What is spondylosis deformans?
Spondylosis deformans is a condition that affects the vertebral bones of the spine and is characterized by the presence of bony spurs or 'osteophytes' along the edges of the bones of the spine. A bony spur may develop in a single spot on the spine; more commonly, there will be multiple bone spurs in several different locations along the spine. The most common places that spondylosis deformans lesions develop are along the thoracic vertebrae (chest), especially at the junction between the rib cage and the abdomen, in the lumbar spine (lower back) and in the lumbosacral spine (around the hips and back legs). In some cases the bony spurs may become large enough that they appear to form a complete bridge between adjacent vertebral bones.
What causes spondylosis deformans?
Spondylosis deformans is a chronic condition that is associated with aging. Research indicates that it often develops as a secondary problem related to degenerative disease of the intervertebral discs.
In the normal spine, the vertebral bones are joined by ligaments to form a flexible protective column around the spinal cord. There is an intervertebral disc between each vertebral bone, and these discs act as shock absorbers and cushions. The series of joints that make up the spine give the back flexibility of motion while protecting the delicate spinal cord from damage.
"The bone spurs of spondylosis deformans develop to re-establish the stability of the weakened joint or joints."
If the intervertebral discs do become damaged, the joints between them become less stable, resulting in abnormal motion. With spondylosis deformans, the intervertebral discs slowly degenerate as part of the aging process and the condition is not associated with inflammation. The bone spurs of spondylosis deformans develop to re-establish the stability of the weakened joint or joints.
The formation and growth of the osteophytes or bone spurs are triggered by instability and it appears that they grow only as large as is necessary to reinforce the diseased joint.
Is spondylosis deformans more common in certain breeds of dogs?
Although this condition was once thought to be more common in large breed dogs, any middle-aged to older dog can be affected. In most dogs, this degenerative condition will begin to develop by 10 years of age, and some researchers feel that every dog will develop this condition if it lives long enough.
What are the symptoms of spondylosis deformans?
Most dogs with spondylosis deformans are free of any symptoms. Occasionally, the bone spurs restrict the movement of the spine and the dog may appear to be stiffer or the spine may not appear to be as flexible. If a bone spur grows near a nerve root as it comes out of the spinal canal, it may put pressure on the nerve, causing pain or lameness. If the condition is painful, the dog may whine or cry when touched along affected areas of the back.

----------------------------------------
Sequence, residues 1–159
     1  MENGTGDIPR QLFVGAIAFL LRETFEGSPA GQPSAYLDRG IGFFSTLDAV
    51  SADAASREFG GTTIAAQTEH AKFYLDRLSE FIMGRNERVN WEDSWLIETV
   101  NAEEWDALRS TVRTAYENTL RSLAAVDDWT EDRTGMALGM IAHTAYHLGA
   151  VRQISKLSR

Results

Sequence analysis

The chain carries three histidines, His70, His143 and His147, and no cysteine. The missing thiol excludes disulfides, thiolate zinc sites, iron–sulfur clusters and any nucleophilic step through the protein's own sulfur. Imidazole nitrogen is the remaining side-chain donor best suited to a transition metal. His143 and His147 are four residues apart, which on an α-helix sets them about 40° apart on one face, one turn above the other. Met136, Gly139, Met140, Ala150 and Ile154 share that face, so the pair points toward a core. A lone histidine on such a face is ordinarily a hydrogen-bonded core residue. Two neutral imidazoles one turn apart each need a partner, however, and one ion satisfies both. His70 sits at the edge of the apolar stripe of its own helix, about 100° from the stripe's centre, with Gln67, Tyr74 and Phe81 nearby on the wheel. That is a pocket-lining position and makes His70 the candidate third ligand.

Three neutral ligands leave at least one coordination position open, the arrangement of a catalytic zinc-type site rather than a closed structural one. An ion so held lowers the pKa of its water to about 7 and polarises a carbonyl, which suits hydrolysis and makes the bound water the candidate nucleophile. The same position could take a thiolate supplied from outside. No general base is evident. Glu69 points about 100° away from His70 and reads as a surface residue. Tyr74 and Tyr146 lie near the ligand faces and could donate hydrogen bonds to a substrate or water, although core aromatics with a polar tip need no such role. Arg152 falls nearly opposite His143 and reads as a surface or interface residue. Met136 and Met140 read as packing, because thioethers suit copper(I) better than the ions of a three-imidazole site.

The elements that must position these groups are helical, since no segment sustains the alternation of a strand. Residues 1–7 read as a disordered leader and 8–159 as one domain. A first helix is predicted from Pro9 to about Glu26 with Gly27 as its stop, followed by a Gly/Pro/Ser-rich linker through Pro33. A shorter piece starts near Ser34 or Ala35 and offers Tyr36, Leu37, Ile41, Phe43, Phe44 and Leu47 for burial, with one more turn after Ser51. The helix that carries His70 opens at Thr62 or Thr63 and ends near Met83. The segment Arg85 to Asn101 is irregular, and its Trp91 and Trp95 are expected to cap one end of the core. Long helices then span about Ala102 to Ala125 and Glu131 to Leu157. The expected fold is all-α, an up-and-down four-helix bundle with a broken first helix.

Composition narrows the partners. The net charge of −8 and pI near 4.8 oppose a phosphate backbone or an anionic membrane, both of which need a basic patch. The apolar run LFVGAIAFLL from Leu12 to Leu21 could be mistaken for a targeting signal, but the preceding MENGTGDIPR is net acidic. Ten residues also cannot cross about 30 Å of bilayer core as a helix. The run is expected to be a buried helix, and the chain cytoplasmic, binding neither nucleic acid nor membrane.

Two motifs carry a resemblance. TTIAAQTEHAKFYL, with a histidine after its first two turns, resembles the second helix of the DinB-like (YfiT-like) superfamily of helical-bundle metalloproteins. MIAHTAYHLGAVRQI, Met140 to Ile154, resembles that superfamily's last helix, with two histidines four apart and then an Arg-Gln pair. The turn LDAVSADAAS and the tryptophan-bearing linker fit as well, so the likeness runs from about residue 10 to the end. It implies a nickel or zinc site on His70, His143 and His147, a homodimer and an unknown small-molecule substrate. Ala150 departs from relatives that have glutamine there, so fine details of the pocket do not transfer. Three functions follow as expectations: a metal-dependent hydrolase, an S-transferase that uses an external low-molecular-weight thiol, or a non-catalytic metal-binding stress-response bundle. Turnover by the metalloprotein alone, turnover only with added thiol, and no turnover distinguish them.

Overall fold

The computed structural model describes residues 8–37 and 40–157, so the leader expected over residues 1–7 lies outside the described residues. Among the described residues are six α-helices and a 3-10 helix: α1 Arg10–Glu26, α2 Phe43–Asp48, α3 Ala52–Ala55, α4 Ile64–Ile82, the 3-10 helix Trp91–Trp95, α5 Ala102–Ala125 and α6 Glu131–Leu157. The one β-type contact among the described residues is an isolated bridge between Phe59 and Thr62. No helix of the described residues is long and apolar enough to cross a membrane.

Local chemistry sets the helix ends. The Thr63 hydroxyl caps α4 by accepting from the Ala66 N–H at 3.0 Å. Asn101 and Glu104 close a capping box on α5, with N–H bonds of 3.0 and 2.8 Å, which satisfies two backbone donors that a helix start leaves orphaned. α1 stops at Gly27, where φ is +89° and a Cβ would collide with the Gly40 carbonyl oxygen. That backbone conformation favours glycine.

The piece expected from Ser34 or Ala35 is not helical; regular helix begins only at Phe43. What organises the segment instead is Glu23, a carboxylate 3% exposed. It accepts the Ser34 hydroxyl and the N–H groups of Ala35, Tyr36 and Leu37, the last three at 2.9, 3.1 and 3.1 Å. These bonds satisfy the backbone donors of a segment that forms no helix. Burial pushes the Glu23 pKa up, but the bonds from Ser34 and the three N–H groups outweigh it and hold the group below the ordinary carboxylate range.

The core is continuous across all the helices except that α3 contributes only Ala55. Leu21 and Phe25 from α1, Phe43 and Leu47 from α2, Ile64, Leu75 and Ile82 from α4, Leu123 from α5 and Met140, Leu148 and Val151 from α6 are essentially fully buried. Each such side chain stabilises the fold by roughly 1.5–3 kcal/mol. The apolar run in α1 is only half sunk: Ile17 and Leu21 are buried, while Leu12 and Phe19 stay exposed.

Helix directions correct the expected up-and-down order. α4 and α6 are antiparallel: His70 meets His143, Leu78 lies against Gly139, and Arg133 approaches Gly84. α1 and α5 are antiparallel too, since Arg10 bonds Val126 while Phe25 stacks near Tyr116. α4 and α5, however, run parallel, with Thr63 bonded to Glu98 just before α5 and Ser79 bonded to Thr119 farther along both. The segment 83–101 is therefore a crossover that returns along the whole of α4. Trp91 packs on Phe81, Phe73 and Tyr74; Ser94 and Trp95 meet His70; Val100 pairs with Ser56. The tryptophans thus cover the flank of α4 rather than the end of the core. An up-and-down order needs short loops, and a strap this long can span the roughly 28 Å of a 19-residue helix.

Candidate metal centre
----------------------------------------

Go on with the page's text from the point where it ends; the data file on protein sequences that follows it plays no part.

Can other conditions cause bone spurs or osteophytes on the spine?
"Any other condition or disease that causes instability to the spine can stimulate the development of osteophytes."
Any other condition or disease that causes instability to the spine can stimulate the development of osteophytes. Congenital vertebral bone deformities, trauma that causes a fracture or luxation, infection such as discospondylitis, and spinal surgery are several examples of other conditions that may cause osteophytes to form. In these cases, inflammation plays a role in the development of the bone spurs, that form around the injured or unstable joint.
How is spondylosis deformans diagnosed?
This condition is usually diagnosed from x-rays of the spine. In some cases, it may be an 'incidental finding' that is noticed when x-rays are taken for some other reason.
Since there is no difference in the radiographic appearance of a bone spur that results from spondylosis deformans and one that results from an inflammatory lesion, multiple x-rays may be needed to thoroughly assess the spine and identify radiographic patterns that indicate other causes of instability. This is especially important if the dog is showing any symptoms of nerve damage or appears to be in pain.
Other tests that may be recommended include a Myelogram and/or Magnetic Resonance Imaging (MRI). In some cases, your veterinarian may recommend referral to an orthopedic specialist for further diagnostics and/or treatment.
How is spondylosis deformans treated?
Treatment recommendations depend on the individual dog and whether or not it is showing any clinical signs.
Most dogs with spondylosis deformans appear to be pain-free and in these cases treatment is not necessary. If the pet appears to be painful, non-steroidal anti-inflammatory drugs (NSAIDS) or other analgesics may provide relief. Physical therapy, weight loss, and controlled exercise programs may be helpful in some cases.
In rare cases, the osteophytes may be causing spinal cord compression, and in these cases, surgery to remove them may be indicated.
What is the prognosis for spondylosis deformans?
If there are no symptoms, spondylosis deformans may go undetected for years, or even for the entire lifetime of the dog. Many affected dogs live satisfactory lives, even though they may be somewhat limited in flexibility and range of motion. Your veterinarian will discuss the prognosis for your individual dog, based on the results of diagnostic testing and/or the response to treatment.
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